Renewed dialogue and trust-building are needed to solve the complex crises faced by the world today, including the conflicts in Ukraine and the Middle East, German Foreign Minister Frank-Walter Steinmeier told the UN Security Council Monday.
Steinmeier met the council in New York to present the key priorities of his country's the 2016 chairmanship of the Organization for Security and Co-operation in Europe (OSCE).
Germany will act as head of the OSCE until the end of the year.
One of the international group's main tasks is to implement a ceasefire and broker peace in eastern Ukraine.
Steinmeier said the OSCE, which has a special monitoring mission in Ukraine, remains "deeply concerned over the continuing violations of the ceasefire" in the country and called on Russia and Ukraine, both currently members of the council, to abide by the terms of the Minsk peace agreements meant to end the conflict.
"I call on both sides present in this council to live up to their responsibilities," he said.
Vitaly Churkin, Russian ambassador to the UN, said that cooperation at the organization "hasn't been a key unifying factor" and accused other member states of "geopolitical egoism."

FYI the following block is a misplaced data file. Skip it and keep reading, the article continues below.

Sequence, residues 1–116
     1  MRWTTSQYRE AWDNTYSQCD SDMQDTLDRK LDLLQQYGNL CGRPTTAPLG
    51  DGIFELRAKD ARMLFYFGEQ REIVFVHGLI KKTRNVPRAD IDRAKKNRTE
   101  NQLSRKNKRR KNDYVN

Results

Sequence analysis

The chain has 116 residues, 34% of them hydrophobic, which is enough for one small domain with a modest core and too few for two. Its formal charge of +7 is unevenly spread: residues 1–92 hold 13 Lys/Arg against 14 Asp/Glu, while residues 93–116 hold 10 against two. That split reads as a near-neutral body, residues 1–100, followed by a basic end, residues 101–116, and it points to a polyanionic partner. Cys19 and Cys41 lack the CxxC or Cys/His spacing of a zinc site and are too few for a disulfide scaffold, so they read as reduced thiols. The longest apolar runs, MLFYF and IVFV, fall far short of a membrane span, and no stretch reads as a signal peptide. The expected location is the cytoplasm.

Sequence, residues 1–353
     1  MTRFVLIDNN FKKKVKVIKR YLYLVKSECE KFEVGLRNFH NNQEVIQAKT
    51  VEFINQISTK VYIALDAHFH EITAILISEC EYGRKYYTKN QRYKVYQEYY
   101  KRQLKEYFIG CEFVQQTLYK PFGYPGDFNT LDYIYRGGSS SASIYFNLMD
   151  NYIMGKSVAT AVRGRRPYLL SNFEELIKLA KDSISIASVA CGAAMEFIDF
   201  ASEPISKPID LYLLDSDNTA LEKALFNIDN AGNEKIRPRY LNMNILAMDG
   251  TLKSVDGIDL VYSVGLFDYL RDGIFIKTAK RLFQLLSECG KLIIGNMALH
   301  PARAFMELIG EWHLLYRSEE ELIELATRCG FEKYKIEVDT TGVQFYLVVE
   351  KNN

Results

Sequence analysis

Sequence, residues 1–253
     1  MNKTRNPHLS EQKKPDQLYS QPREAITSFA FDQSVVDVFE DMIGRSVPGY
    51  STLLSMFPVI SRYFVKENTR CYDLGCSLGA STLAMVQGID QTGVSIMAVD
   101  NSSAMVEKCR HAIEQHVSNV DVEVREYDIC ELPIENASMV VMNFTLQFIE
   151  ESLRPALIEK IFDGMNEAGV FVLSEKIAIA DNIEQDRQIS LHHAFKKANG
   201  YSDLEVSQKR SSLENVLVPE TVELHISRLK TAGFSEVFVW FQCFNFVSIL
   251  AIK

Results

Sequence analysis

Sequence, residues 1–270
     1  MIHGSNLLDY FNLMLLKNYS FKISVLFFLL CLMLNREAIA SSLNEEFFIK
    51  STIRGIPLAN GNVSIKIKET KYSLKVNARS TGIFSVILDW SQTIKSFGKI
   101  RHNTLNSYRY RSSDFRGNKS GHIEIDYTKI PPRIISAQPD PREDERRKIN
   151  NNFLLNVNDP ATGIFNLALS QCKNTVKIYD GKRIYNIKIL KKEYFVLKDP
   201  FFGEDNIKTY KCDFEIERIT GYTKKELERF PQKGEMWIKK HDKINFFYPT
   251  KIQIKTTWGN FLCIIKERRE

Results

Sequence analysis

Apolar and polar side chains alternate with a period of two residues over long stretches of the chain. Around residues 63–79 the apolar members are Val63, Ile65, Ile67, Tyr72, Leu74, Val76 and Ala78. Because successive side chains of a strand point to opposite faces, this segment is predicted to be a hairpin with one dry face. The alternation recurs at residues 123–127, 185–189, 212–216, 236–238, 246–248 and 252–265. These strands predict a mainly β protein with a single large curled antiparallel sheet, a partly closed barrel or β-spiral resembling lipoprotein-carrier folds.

Steinmeier called for confidence building among countries noting that with increased military activities by Ukraine, Russia and Turkey, all of which are member states of the OSCE, there was a "high risk of military incidents" between those countries.
He warned against looking at current crises as if the world were "reliving the Cold War."
"The world of today is different, its conflicts are of a new kind - more complex, with more actors, more conflicting interests," Steinmeier said.
Evoking the negotiations that lead to the fall of the Berlin Wall, Steinmeier said that while "you can't transfer a security architecture to another region," he hoped the OSCE could be instrumental in bringing peace to the Middle East.
The German foreign minister has praised the OSCE as a necessary "platform of dialogue" in difficult times. The 57-member bloc is the only security organization that has both the United States and Russia among its members.
Steinmeier is to stay in the US until Tuesday evening. After speaking at the UN, he is scheduled to visit Washington DC, where he will meet with US Secretary of State John Kerry.
Conflicts in the Middle East, particularly the Syrian civil war, are set to be high on the minister's agenda during his visit.